Tiptoeing through the rest of his life: A functional adaptation to a legshortened by femoral neck fracture

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  • Salvage excavation of a Roman cemetery (1st–2nd century CE) at the site of ancient Erculam (region ofCampania), Italy, yielded the skeleton of an older male with a healed fracture of the femoral neck thatreduced the femoral neck angle and resulted in leg shortening. The right foot shows bony alterations thatappear to have developed as a consequence. The distal joint surfaces of the first and second metatarsalsextend dorsally for articulation of the proximal phalanges in hyper-dorsiflexion. I argue that, in orderto compensate for the shortened leg, the man lengthened it functionally by bearing weight primarilyon his toes when he walked, rather than striking the heel first and then pushing off from the toe. Theseverity of degenerative joint disease in the right knee and in the metatarsophalangeal joints suggeststhat the injury occurred years before the man’s death. This case adds to the bioarchaeological record ofindividuals who adapted to impaired mobility in the past, and it may be of interest to scholars who studythe bioarchaeology of impairment and disability.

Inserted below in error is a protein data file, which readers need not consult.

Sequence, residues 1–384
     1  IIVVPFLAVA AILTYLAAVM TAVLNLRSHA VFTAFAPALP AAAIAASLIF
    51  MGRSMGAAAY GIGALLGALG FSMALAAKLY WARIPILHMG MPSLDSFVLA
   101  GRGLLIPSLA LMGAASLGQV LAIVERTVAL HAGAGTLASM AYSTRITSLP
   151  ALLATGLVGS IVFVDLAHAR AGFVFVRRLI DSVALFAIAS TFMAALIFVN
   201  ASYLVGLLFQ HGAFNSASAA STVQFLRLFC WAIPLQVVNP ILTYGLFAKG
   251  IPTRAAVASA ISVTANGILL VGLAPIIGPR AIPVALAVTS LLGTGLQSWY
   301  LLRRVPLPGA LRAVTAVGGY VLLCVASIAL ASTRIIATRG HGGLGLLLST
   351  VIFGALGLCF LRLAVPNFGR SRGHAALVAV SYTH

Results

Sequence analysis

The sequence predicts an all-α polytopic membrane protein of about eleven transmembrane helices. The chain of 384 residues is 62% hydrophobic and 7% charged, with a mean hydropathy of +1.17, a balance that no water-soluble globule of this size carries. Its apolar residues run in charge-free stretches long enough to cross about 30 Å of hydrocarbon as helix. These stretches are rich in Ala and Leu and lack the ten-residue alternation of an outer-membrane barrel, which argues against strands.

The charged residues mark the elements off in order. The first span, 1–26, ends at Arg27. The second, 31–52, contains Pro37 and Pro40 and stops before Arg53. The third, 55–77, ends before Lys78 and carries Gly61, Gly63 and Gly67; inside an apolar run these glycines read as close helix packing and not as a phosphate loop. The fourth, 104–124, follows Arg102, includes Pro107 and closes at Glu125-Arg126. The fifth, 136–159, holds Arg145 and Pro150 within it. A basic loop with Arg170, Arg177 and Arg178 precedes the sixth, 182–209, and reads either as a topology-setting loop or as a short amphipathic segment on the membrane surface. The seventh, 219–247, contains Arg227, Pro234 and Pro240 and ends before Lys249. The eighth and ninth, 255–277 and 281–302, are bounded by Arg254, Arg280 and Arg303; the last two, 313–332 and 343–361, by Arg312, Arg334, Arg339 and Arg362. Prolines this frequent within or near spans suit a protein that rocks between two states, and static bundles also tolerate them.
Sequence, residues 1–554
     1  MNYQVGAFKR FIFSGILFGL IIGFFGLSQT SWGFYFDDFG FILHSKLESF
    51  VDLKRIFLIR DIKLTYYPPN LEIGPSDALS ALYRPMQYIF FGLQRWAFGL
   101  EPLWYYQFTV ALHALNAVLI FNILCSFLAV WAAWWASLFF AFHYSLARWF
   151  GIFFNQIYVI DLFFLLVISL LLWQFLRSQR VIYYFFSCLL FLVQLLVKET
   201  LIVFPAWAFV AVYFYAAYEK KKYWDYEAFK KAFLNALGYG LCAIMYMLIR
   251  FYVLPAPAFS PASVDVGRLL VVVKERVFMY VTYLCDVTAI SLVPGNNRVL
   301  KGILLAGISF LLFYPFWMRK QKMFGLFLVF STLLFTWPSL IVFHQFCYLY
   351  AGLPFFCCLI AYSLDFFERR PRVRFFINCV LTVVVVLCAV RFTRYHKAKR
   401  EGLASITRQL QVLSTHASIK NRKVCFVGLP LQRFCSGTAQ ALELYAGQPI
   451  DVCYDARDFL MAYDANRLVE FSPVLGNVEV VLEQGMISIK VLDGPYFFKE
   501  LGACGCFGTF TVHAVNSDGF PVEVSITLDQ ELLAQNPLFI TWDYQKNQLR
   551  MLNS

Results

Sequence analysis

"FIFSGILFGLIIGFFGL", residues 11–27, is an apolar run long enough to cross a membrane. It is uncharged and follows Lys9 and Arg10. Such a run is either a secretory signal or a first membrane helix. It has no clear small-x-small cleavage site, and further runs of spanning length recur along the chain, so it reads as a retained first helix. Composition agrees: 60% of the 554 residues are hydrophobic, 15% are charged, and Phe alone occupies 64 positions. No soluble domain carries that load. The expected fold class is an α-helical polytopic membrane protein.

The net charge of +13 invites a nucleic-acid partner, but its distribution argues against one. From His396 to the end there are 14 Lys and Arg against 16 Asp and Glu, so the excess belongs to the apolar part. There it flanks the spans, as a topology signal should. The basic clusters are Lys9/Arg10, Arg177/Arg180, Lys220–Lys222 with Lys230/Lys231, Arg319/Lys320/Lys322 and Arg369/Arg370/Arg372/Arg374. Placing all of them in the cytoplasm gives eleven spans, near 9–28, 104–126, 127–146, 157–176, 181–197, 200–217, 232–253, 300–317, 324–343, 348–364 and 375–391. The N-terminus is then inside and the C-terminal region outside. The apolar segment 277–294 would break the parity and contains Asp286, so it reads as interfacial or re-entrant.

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    Attribution-NonCommercial-NoDerivatives 4.0 International